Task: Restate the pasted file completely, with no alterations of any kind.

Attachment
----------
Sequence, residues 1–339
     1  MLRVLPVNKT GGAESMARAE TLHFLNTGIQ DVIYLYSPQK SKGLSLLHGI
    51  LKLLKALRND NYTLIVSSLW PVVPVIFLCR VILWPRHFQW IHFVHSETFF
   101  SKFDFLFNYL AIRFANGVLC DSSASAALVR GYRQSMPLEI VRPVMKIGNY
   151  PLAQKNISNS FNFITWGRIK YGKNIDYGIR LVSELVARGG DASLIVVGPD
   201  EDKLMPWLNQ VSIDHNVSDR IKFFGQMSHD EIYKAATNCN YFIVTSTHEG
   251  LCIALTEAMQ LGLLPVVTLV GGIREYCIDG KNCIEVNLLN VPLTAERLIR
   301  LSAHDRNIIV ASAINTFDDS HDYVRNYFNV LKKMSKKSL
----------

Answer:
Sequence, residues 1–339
     1  MLRVLPVNKT GGAESMARAE TLHFLNTGIQ DVIYLYSPQK SKGLSLLHGI
    51  LKLLKALRND NYTLIVSSLW PVVPVIFLCR VILWPRHFQW IHFVHSETFF
   101  SKFDFLFNYL AIRFANGVLC DSSASAALVR GYRQSMPLEI VRPVMKIGNY
   151  PLAQKNISNS FNFITWGRIK YGKNIDYGIR LVSELVARGG DASLIVVGPD
   201  EDKLMPWLNQ VSIDHNVSDR IKFFGQMSHD EIYKAATNCN YFIVTSTHEG
   251  LCIALTEAMQ LGLLPVVTLV GGIREYCIDG KNCIEVNLLN VPLTAERLIR
   301  LSAHDRNIIV ASAINTFDDS HDYVRNYFNV LKKMSKKSL